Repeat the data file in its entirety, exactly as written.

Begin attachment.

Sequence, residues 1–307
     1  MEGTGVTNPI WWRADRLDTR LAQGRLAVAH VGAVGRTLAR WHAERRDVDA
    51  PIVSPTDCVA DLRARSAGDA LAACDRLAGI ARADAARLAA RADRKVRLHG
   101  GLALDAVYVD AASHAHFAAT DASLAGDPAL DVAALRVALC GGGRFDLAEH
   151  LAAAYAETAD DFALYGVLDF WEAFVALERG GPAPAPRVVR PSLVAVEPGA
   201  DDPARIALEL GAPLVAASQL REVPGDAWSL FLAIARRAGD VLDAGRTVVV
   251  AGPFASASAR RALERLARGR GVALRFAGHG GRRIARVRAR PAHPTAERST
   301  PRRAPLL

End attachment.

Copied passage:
Sequence, residues 1–307
     1  MEGTGVTNPI WWRADRLDTR LAQGRLAVAH VGAVGRTLAR WHAERRDVDA
    51  PIVSPTDCVA DLRARSAGDA LAACDRLAGI ARADAARLAA RADRKVRLHG
   101  GLALDAVYVD AASHAHFAAT DASLAGDPAL DVAALRVALC GGGRFDLAEH
   151  LAAAYAETAD DFALYGVLDF WEAFVALERG GPAPAPRVVR PSLVAVEPGA
   201  DDPARIALEL GAPLVAASQL REVPGDAWSL FLAIARRAGD VLDAGRTVVV
   251  AGPFASASAR RALERLARGR GVALRFAGHG GRRIARVRAR PAHPTAERST
   301  PRRAPLL